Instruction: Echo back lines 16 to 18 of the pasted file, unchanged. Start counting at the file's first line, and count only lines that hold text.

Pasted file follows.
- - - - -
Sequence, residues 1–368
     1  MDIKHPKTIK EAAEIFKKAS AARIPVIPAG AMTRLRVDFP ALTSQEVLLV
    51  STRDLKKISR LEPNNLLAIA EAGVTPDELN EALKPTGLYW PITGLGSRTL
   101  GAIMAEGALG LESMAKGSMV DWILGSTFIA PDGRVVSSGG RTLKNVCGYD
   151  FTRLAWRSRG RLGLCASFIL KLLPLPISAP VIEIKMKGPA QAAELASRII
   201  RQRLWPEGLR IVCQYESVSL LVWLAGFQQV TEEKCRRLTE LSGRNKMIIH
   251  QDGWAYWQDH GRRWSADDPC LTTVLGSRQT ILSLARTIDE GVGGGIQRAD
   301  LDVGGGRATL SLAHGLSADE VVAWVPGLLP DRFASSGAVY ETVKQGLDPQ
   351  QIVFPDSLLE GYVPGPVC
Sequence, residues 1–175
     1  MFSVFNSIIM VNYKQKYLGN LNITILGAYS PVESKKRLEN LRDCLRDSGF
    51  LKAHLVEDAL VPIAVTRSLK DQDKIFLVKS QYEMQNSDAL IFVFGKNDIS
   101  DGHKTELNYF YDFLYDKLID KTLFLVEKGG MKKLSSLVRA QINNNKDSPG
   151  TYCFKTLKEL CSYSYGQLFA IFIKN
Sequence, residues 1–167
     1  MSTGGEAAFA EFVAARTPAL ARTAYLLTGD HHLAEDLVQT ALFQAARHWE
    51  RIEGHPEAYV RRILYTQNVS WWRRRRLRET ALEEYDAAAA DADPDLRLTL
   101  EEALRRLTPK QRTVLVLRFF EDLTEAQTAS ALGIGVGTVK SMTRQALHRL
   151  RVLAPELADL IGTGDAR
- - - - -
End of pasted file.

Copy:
     1  MSTGGEAAFA EFVAARTPAL ARTAYLLTGD HHLAEDLVQT ALFQAARHWE
    51  RIEGHPEAYV RRILYTQNVS WWRRRRLRET ALEEYDAAAA DADPDLRLTL
   101  EEALRRLTPK QRTVLVLRFF EDLTEAQTAS ALGIGVGTVK SMTRQALHRL